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How to catch the keyboards events when the user use handwriting keyboard(one of the on-screen keyboard supplied by the system)

    Question

  • Hi,

    I'm working on a app that have to catch the keyboard events. I found that most on-screen keyboards and the physical keyboard will generate keyboard events, that are keydown and keyup. But the handwriting keyboard behaves differently. It will not generate keyboard events. So my question is how can I get the user input if the user use the handwriting keyboard?


    • Edited by wd0623 Monday, April 22, 2013 6:02 AM
    Monday, April 22, 2013 4:03 AM

Answers

  • You probably need to implement your app as a TSF aware application. You may also need to pass through as a TSF text service on the remote side to get things to work correctly there. This will be very complex.

    It's a bit of a hack, but you may be able to get partial behavior by using an Input control. Use that to catch the generated characters locally and then push those through to the server. This obviously won't work well for apps on the server which require keystrokes rather than characters, but if the targeted use is limited this may be sufficient.

    --Rob

    • Marked as answer by wd0623 Thursday, April 25, 2013 6:22 AM
    Tuesday, April 23, 2013 11:16 PM
    Moderator

All replies

  • Natural language entry modes (e.g. handwriting and speech recognition) use Text Services Framework (TSF) to report the text. This requires a TSF enabled control to accept the input. Writing such a control is difficult, so using the built-in input controls is recommended.

    Since they don't go through the keyboard system they don't generate keyboard events.

    If you need more help on how to manage your scenario can you please provide more details on how your app is handling keyboard input?

    --Rob

    Monday, April 22, 2013 7:10 PM
    Moderator
  • Natural language entry modes (e.g. handwriting and speech recognition) use Text Services Framework (TSF) to report the text. This requires a TSF enabled control to accept the input. Writing such a control is difficult, so using the built-in input controls is recommended.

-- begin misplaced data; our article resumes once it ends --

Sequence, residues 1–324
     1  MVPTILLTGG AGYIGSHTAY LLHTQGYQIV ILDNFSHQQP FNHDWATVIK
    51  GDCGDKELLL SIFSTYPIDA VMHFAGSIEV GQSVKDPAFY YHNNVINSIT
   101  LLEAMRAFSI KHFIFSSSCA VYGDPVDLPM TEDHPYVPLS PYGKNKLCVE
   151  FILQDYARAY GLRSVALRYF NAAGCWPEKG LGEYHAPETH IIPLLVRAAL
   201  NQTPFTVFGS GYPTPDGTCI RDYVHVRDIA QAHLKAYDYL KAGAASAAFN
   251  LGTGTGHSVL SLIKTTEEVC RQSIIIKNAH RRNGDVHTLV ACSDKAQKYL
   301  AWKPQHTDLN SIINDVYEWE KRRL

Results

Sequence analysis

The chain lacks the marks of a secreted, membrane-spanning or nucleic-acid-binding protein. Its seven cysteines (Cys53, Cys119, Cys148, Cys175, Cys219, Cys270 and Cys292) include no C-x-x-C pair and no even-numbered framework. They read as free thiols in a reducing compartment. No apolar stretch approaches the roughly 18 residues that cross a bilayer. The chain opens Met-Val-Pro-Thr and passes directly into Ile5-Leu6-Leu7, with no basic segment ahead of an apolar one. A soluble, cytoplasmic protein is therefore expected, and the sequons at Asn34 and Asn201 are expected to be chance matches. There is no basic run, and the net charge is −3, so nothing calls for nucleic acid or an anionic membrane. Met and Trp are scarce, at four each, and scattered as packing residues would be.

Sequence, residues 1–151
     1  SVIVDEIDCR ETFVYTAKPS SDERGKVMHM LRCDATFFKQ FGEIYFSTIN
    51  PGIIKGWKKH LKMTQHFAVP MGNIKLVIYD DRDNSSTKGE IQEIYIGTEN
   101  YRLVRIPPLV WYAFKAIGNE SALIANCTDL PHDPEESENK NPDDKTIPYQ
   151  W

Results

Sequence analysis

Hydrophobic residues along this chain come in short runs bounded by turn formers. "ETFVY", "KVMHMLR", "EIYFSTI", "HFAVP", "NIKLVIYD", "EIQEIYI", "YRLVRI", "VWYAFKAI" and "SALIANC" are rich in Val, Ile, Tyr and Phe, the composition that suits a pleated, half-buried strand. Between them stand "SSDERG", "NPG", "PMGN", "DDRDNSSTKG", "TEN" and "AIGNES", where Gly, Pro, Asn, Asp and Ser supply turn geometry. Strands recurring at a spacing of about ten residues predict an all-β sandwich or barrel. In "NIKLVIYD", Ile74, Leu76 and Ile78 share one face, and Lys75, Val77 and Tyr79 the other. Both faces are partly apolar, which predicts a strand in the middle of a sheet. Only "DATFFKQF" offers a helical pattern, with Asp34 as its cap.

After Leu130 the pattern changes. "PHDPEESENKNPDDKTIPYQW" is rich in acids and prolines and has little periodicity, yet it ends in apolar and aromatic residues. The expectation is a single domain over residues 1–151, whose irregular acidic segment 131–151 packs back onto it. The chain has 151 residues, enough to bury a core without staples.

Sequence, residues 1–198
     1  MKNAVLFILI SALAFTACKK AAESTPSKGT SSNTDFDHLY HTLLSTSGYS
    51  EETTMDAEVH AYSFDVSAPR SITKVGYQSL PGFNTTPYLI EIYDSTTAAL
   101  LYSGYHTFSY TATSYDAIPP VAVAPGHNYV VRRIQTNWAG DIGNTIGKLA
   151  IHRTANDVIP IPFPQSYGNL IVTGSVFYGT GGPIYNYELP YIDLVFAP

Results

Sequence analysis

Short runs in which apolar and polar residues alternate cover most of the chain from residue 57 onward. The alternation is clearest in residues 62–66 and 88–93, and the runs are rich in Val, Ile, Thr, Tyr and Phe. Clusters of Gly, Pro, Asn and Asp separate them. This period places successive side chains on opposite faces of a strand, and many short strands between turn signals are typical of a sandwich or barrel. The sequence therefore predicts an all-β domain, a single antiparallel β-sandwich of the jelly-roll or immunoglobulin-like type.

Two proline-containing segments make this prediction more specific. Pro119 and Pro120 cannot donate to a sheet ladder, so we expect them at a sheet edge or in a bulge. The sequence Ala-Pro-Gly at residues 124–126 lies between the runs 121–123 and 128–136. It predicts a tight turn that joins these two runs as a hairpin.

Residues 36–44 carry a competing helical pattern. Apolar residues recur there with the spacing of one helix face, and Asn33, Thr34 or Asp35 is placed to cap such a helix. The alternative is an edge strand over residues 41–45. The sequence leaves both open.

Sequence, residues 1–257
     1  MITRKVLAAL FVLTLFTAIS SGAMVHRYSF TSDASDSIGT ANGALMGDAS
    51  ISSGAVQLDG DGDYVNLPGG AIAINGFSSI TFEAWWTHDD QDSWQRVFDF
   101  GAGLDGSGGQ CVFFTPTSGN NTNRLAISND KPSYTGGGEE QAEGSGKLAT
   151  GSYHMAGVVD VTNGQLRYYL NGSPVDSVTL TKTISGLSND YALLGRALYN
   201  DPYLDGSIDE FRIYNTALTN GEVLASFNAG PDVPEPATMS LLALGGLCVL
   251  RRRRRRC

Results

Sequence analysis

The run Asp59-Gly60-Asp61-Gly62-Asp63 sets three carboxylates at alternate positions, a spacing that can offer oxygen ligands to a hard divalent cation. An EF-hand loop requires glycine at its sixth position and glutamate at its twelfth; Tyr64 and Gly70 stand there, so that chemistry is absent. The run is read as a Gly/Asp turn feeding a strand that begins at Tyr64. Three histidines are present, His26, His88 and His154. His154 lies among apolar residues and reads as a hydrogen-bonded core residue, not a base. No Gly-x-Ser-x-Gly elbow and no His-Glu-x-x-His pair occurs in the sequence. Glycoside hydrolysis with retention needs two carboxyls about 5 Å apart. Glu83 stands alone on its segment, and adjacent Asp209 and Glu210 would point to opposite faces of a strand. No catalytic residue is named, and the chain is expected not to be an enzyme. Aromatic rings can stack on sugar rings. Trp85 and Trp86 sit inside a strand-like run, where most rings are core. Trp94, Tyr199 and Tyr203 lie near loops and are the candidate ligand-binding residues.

Since they don't go through the keyboard system they don't generate keyboard events.

    If you need more help on how to manage your scenario can you please provide more details on how your app is handling keyboard input?

    --Rob

    Thanks, Rob.

    I'm working on a app like remote desktop, but am not using RDP ActiveX. So inside the window of my app is a remote desktop, If the user use local on-screen keyboard to input some characters into a file on the remote desktop, the client should be able to catch  the user input and transmit them to the remote side via network. I don't know how to get the input with handwriting keyboard. For other kinds of keyboards, I just catch the keyDown & keyUp events.  The client should send keycode or unicode of the keyboard events to the remote side. For special character we transmit unicode of the character, foo command keyboard events, transmit the keycode of event.

    I'm not sure whether you know my scenario now, I will give more details if you need.  Thanks, Rob.

    Dong

    Tuesday, April 23, 2013 4:18 AM
  • You probably need to implement your app as a TSF aware application. You may also need to pass through as a TSF text service on the remote side to get things to work correctly there. This will be very complex.

    It's a bit of a hack, but you may be able to get partial behavior by using an Input control. Use that to catch the generated characters locally and then push those through to the server. This obviously won't work well for apps on the server which require keystrokes rather than characters, but if the targeted use is limited this may be sufficient.

    --Rob

    • Marked as answer by wd0623 Thursday, April 25, 2013 6:22 AM
    Tuesday, April 23, 2013 11:16 PM
    Moderator
  • You probably need to implement your app as a TSF aware application. You may also need to pass through as a TSF text service on the remote side to get things to work correctly there. This will be very complex.

    It's a bit of a hack, but you may be able to get partial behavior by using an Input control. Use that to catch the generated characters locally and then push those through to the server. This obviously won't work well for apps on the server which require keystrokes rather than characters, but if the targeted use is limited this may be sufficient.

    --Rob

    Thanks, Rob. I  tried your second way before. I think it's the only possible way for me.  Thanks.
    Thursday, April 25, 2013 6:22 AM